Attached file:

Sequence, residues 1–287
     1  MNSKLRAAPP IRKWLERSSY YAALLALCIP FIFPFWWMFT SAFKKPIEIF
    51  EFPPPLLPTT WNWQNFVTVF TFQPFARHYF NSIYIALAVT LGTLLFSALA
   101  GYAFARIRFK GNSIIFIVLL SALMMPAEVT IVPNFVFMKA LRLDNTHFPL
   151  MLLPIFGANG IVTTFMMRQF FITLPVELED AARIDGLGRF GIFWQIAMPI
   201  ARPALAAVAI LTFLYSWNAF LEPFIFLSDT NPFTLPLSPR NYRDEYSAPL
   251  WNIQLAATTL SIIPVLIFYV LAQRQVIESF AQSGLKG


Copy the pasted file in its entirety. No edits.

Sequence, residues 1–287
     1  MNSKLRAAPP IRKWLERSSY YAALLALCIP FIFPFWWMFT SAFKKPIEIF
    51  EFPPPLLPTT WNWQNFVTVF TFQPFARHYF NSIYIALAVT LGTLLFSALA
   101  GYAFARIRFK GNSIIFIVLL SALMMPAEVT IVPNFVFMKA LRLDNTHFPL
   151  MLLPIFGANG IVTTFMMRQF FITLPVELED AARIDGLGRF GIFWQIAMPI
   201  ARPALAAVAI LTFLYSWNAF LEPFIFLSDT NPFTLPLSPR NYRDEYSAPL
   251  WNIQLAATTL SIIPVLIFYV LAQRQVIESF AQSGLKG